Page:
March 23, 2000
FOR IMMEDIATE RELEASE:
Contact: Kathryn Serkes (202) 333-3855
DOCTORS' MEDICARE FRAUD SOLUTION TO SAVE $BILLIONS
DOCTORS' REPORT SHOWS MEDICARE IS DESIGNED FOR FRAUD
Medicare fraud enforcement doesn't work, can't work and will never eliminate the billions paid for sham claims because the system is designed for fraud. Further, patients are hurt by overzealous enforcement.
That's the conclusion of a report, "MEDICARE: A SYSTEM DESIGNED FOR FRAUD," released today by the Association of American Physicians and Surgeons (AAPS). AAPS outlines its proposal to eliminate any possibility of fraudulent billings by unscrupulous providers by abolishing assignment of benefits (third-party payment) to providers. Instead, patients should be reimbursed directly, then pay providers for valid bills.
"Willie Sutton robbed banks because that's where the money is. Today, government-run Medicare is the modern-day target for the new Willie Suttons. The system is ripe for plunder, as the government signs the equivalent of blank checks to crooks who have figured out how to bilk the system," states the report.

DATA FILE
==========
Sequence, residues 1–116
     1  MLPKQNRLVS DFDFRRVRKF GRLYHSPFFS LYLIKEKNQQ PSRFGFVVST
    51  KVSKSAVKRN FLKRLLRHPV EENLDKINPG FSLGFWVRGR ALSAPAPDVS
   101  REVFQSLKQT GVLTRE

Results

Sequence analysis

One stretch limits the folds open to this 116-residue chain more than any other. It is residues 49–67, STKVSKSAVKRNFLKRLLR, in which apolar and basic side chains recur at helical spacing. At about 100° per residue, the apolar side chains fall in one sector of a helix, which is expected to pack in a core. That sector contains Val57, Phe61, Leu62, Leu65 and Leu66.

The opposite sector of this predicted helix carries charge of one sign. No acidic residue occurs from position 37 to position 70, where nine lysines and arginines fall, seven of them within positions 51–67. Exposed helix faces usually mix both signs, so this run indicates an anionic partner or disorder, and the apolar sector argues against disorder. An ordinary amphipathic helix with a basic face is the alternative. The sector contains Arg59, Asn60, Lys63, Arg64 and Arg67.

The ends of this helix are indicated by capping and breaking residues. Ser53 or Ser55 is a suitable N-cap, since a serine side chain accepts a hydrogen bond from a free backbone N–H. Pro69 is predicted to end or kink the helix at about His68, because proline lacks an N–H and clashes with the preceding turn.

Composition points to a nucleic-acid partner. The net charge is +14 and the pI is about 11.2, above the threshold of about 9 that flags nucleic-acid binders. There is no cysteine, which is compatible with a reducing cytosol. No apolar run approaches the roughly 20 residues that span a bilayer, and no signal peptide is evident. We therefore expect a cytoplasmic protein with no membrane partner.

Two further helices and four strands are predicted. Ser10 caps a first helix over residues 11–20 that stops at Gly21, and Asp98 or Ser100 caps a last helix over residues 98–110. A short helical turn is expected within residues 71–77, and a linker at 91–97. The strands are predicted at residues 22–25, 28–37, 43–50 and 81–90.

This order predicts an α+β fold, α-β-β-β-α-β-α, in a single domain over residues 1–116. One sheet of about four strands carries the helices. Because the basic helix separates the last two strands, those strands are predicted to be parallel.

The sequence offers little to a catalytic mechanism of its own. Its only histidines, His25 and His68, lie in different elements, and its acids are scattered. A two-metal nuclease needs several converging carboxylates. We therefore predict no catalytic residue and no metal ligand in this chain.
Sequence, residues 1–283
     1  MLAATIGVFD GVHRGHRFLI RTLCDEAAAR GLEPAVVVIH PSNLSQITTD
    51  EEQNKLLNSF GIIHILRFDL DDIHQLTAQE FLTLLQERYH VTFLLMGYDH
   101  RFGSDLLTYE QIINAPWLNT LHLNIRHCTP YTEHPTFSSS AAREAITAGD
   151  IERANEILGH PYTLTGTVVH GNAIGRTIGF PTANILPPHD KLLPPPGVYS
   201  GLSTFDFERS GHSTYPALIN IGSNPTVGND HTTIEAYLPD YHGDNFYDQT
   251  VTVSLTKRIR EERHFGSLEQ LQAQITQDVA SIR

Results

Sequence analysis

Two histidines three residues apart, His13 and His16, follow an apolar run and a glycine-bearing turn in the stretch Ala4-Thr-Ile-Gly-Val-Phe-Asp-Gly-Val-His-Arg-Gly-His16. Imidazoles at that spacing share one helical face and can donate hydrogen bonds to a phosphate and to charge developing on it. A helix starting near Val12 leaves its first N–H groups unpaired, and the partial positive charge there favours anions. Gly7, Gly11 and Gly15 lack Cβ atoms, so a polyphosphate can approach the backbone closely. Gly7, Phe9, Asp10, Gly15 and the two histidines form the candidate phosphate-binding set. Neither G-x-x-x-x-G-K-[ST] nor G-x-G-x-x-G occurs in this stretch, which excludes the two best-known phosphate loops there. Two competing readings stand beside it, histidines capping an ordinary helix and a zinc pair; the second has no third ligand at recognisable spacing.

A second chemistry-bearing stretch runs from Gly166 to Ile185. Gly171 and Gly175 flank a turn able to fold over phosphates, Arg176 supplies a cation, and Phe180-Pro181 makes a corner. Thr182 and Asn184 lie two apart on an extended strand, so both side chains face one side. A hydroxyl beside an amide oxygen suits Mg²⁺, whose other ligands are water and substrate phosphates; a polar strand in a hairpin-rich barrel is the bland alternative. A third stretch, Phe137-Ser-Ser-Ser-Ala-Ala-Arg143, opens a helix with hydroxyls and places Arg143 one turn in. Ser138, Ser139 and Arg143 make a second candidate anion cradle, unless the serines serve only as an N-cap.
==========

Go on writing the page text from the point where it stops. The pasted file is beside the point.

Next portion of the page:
HHS estimates the 1999 "error" rate of payments at almost 8%, amounting to approximately $13.5 billion in "improper" payments, with up to 70% for "medically unnecessary" services, such as claims for dead patients or OB-GYN services for men.
"The reason that Medicare is such an attractive target is that the money is easy and the risk of detection is still low. Simply, the system is ripe for plunder by design."
The report details how current enforcement creates more problems than it solves:
In contrast to credit card fraud, Medicare fraud is "non-self-revealing." With credit cards, the customer receives a clearly itemized statement, then pays the bill with his own funds. If he finds a discrepancy, it is in his financial self-interest to protest the charge. But in Medicare, the "customer" (patient) never sees the bill before it is paid by the government.
If HHS would make all reimbursements directly to Medicare beneficiaries rather than to providers, the risk of detection would be enhanced by making health-care fraud more likely to be "self-revealing." This would eliminate the potential for fraudulent billing for dead patients or for services which have not been provided--scams which have been proven to bilk the taxpayers of billions of dollars.
"The assignment of benefits makes it possible for multi-million dollar scams to operate by billing for fictitious services or for services of minimal value to the recipient, such as unnecessary laboratory tests."
The report concludes:
"If we want to stop the Willie Suttons from robbing the bank, we must stop giving them a blank check. Removing the incentive will work much better than retroactive enforcement. It will also preserve the rights of the innocent patients and physicians, and reduce the cost of medical care."